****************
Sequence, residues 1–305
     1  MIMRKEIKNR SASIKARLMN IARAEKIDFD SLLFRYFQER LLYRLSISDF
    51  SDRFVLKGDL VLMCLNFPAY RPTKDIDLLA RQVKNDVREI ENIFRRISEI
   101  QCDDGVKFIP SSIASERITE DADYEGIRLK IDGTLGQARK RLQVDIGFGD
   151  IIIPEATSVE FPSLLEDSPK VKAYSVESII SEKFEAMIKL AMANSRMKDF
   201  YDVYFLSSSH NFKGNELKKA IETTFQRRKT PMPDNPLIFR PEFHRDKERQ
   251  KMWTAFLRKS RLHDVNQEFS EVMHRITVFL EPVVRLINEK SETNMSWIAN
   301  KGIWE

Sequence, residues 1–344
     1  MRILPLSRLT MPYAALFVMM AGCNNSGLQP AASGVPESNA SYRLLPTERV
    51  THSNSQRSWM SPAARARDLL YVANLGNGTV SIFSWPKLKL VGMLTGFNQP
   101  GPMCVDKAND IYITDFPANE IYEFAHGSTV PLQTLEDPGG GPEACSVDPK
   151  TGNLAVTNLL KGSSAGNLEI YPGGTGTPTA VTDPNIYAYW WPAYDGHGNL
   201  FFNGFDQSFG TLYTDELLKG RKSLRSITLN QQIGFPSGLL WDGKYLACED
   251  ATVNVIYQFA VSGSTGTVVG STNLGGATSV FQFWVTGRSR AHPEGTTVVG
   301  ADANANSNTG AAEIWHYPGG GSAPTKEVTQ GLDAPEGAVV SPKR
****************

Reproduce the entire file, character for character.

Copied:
Sequence, residues 1–305
     1  MIMRKEIKNR SASIKARLMN IARAEKIDFD SLLFRYFQER LLYRLSISDF
    51  SDRFVLKGDL VLMCLNFPAY RPTKDIDLLA RQVKNDVREI ENIFRRISEI
   101  QCDDGVKFIP SSIASERITE DADYEGIRLK IDGTLGQARK RLQVDIGFGD
   151  IIIPEATSVE FPSLLEDSPK VKAYSVESII SEKFEAMIKL AMANSRMKDF
   201  YDVYFLSSSH NFKGNELKKA IETTFQRRKT PMPDNPLIFR PEFHRDKERQ
   251  KMWTAFLRKS RLHDVNQEFS EVMHRITVFL EPVVRLINEK SETNMSWIAN
   301  KGIWE

Sequence, residues 1–344
     1  MRILPLSRLT MPYAALFVMM AGCNNSGLQP AASGVPESNA SYRLLPTERV
    51  THSNSQRSWM SPAARARDLL YVANLGNGTV SIFSWPKLKL VGMLTGFNQP
   101  GPMCVDKAND IYITDFPANE IYEFAHGSTV PLQTLEDPGG GPEACSVDPK
   151  TGNLAVTNLL KGSSAGNLEI YPGGTGTPTA VTDPNIYAYW WPAYDGHGNL
   201  FFNGFDQSFG TLYTDELLKG RKSLRSITLN QQIGFPSGLL WDGKYLACED
   251  ATVNVIYQFA VSGSTGTVVG STNLGGATSV FQFWVTGRSR AHPEGTTVVG
   301  ADANANSNTG AAEIWHYPGG GSAPTKEVTQ GLDAPEGAVV SPKR